For many Americans, a pet is a much-loved family member. Caring for an animal can be a serious cost, though, especially when life events rock your budget. Many people buy a pet without a clear idea of what care costs, and others may start out with enough but discover that other events have reduced their ability to support their animal companion. Expect an annual cost of at least $500 for a medium sized dog, potentially much higher. Dr. Louise Murray, vice-president of the ASPCA’s Bergh Memorial Animal Hospital in New York City, states that pet owners should be prepared to face at least $2000 to $4000 bill for veterinary care. Those are substantial amounts, and for many of us, they can be difficult to bear, especially if there’s another crisis going on.
Fortunately, hundreds of organizations across the United States assist low-income pet-owners and their companion animals, with many focusing on low-cost, subsidized or free veterinary care, temporary foster care, pet food banks and more. Some of these options might be perfect for you. Links to resources discussed here are at the end of this article.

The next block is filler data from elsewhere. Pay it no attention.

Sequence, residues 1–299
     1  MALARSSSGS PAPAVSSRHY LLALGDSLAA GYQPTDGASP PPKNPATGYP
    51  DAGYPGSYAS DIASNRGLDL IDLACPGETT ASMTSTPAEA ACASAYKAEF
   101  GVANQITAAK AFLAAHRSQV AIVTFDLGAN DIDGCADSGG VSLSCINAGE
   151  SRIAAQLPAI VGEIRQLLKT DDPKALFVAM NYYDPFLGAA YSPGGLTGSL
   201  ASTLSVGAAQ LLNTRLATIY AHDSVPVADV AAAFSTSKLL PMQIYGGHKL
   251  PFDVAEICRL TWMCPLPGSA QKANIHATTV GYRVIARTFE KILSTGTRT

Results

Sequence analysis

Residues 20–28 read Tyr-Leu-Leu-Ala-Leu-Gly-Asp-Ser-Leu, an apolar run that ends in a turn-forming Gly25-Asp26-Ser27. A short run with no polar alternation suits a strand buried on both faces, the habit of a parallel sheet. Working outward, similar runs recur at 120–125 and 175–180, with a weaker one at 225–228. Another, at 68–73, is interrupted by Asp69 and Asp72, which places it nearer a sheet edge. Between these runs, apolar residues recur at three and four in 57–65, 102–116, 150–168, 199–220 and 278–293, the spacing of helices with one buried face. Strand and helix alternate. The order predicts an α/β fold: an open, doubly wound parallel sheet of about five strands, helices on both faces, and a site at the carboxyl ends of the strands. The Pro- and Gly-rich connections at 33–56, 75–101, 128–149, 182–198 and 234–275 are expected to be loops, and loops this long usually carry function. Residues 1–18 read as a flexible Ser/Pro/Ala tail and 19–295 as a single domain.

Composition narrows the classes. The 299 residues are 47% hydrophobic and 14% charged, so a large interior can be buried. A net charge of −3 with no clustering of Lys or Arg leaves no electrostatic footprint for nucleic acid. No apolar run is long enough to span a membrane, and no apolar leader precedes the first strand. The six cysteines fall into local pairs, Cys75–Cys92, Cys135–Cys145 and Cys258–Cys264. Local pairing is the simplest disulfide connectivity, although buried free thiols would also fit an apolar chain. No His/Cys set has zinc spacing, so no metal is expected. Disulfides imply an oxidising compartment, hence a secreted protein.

Staying on top of vaccinations, parasite control, weight, exercise, diet, and other preventive care measures are an essential part of reducing its long-term health care costs. Detecting potential problems early on can lessen or eliminate later costs, so you should make sure that your companion has regular exams with the vet. Preventive care is also a good idea from an economic perspective: It’s cheaper to treat a problem in its early stages, and treatment is more likely to be effective during this time.